NEW ORLEANS, La. (WVUE) - On election eve, the major candidates for Louisiana governor were busy making their final appeals to voters.
Republican Eddie Rispone of Baton Rouge was along Veterans Memorial Boulevard in Metairie Friday morning waving signs with a group of supporters.
"Early in the morning waving at the different people,” Rispone said.
Inside a nearby business, he urged a group of supporters to contact others about getting to the polls on Saturday.
"Go and get on the phone, go on email, Facebook, text all their friends and just make sure that they show up to vote,” said Rispone.
Early afternoon, incumbent Governor John Bel Edwards, a Democrat, gave sort of a closing argument, as he detailed what he considers to be his major first term accomplishments during a stop at a Lake Charles community college.
“I'd ask the people of Louisiana this, are we better off today than we were four years ago? And the answer to that is yes, by every available metric and relevant metric is yes,” said Edwards.
Congressman Ralph Abraham, the other top Republican in the race, stopped at a Lafayette TV station during the early morning hours.
"I've canvassed the state from corner to corner. It's not the geography, it's the policy. All Louisianians want the same thing, they want lower taxes, they want lower car insurance,” said Abraham.
Political analyst Mike Sherman weighed in on what he believes the candidates need to do in the final hours of the campaign.
"For the Republicans, who need turnout, turnout, turnout, having President Trump in Louisiana is the most important thing they could do to get their voters mobilized and to the polls,” said Sherman.
Sherman said for Edwards, it’s about more than just a big turnout by his core constituency.
"So the governor has a more nuanced strategy, of course, he needs his base to turn out…and he's got to find a way of getting those folks who, Republican voters who think he's doing a good job to cast a ballot for him,” Sherman stated.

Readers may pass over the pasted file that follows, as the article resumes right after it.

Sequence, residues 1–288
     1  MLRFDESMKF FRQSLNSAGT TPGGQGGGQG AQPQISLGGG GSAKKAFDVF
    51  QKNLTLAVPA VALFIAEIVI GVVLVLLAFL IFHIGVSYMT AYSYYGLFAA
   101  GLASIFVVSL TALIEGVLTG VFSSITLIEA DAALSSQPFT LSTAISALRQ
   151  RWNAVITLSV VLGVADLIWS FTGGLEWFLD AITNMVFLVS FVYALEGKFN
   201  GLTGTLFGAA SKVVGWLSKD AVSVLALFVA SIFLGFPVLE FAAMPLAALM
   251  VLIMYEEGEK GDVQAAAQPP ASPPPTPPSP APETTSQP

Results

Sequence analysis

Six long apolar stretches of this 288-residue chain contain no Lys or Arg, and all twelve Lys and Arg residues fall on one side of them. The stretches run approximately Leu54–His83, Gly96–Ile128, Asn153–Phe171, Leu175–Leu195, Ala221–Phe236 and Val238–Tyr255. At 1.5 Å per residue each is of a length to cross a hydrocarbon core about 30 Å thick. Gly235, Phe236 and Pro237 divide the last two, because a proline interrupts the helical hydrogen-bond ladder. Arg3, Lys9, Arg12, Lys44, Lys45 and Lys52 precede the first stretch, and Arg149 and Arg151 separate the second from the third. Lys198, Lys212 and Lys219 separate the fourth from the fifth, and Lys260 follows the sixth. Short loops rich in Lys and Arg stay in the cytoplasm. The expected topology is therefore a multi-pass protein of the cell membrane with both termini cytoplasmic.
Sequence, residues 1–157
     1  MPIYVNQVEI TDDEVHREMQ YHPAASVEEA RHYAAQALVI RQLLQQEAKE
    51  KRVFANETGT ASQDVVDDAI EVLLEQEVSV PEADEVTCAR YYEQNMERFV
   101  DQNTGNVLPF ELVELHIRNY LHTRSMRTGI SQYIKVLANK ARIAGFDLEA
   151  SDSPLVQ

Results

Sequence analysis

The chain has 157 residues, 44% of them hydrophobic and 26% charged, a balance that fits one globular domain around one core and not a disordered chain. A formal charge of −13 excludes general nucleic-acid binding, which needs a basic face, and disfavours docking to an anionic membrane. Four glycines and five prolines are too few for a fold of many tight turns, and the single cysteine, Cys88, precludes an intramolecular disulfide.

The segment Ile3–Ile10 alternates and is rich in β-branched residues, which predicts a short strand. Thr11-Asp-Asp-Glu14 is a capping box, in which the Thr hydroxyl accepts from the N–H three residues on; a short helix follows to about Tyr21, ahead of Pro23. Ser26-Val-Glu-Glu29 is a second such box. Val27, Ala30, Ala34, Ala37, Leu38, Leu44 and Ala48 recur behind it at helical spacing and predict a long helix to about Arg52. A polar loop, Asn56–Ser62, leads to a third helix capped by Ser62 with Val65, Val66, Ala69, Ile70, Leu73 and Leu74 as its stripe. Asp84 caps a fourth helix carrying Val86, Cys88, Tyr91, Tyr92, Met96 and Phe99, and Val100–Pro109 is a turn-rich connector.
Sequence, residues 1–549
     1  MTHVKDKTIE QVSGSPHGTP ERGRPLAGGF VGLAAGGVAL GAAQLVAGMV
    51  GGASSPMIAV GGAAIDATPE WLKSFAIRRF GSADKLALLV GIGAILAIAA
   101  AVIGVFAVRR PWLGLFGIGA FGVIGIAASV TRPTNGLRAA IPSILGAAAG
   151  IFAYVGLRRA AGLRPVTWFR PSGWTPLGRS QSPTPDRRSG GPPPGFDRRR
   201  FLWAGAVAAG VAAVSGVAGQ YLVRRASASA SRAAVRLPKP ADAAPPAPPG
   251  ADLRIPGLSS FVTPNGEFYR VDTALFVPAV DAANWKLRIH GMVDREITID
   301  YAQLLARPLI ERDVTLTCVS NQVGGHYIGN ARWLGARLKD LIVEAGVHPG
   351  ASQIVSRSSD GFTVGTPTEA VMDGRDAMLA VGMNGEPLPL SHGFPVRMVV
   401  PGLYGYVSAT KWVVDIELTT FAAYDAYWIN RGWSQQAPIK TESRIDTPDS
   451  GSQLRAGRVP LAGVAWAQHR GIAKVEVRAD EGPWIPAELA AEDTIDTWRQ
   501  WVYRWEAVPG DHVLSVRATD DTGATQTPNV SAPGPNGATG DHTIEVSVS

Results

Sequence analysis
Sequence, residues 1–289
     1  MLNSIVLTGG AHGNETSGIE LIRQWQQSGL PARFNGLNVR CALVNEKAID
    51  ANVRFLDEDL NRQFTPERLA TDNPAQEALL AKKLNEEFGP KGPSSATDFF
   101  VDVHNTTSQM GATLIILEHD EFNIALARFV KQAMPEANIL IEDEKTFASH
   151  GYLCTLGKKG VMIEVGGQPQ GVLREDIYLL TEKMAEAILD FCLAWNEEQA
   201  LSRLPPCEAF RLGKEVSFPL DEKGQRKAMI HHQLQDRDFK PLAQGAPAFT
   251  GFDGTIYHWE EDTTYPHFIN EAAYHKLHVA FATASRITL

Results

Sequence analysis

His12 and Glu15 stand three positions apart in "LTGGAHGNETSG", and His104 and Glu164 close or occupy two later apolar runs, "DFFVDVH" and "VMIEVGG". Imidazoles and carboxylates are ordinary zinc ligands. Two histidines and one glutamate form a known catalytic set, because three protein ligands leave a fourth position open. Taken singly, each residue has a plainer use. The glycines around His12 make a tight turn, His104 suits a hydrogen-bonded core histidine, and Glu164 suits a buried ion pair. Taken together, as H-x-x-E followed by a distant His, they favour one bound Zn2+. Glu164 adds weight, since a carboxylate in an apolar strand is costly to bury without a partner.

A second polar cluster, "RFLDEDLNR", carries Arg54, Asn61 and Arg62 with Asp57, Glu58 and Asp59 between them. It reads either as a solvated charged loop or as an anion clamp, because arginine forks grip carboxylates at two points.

All three of the candidates say they would work well with Trump on behalf of the state.
"We've already built those relationships, not only with our great president, vice president, but with cabinet members,” said Abraham.
However, Rispone said he did not personally ask Trump to endorse him over his fellow Republican, Abraham.
"No, I did not. I would not ask that of the president right now. I know he wants to help the Republican Party, the conservatives, [I want to] allow him to do that, you know, get our folks out,” said Rispone.
Trump and much of the GOP establishment are urging Republican voters to support either Abraham or Rispone.
Edwards said he has governed in a bipartisan fashion.
"I will always put the people of our state over politics and partisanship, now we have a Republican led legislature in Louisiana, so practically every major thing that I've done as governor was done on a bipartisan basis,” said Edwards.
Edwards also commented on Trump coming to Louisiana to help get a Republican in the office he now occupies.
"I want to welcome him to Louisiana as always, obviously, perhaps I wish this visit was under a little different circumstances, but over the past three years I've been to visit Pres. Trump nine times, working with him to find solutions on important issues facing the country and the state of Louisiana,” said Edwards.
Each of the candidates believes he is the best person to deal with the state’s economy.
"We should be number one in the south when it comes to jobs and opportunities, so our children and grandchildren can stay here and be proud to call Louisiana home,” said Rispone.
Edwards said during his time in office there have been over a hundred new economic development projects and the unemployment rate is lower.
“The number of employed people in Louisiana has grown and the number of unemployed people has shrunk, and lest you forget, in January 2016 when I became governor the unemployment rate was well over 6 percent and now it's down to 4.3 percent,” said Edwards.
Abraham said if elected, one of his priorities would be the oil and gas industry.
"We are going to incentivize that oil and gas industry to come back to Louisiana. They've left unfortunately because of some of the legacy lawsuits and some of our regulatory burden,” he said.
And Louisiana's governor's race is being watched by political pundits around the country because Edwards is the sole Democratic governor in the Deep South. Democrats want to hold on to the seat, while Republicans want it back.
Sherman said the political dynamics are different as Edwards seeks reelection.
"The Deep South has been a firewall for the Republicans and when we’ve seen Democrats win, Gov. Edwards against Sen. Vitter and then Doug Jones in Alabama, it’s been with a very unpopular Republican opponent with personal baggage,” said Sherman. “We don’t have that this election cycle, so I think one of the tests is, for Democrats, is there a path to victory in the Deep South?”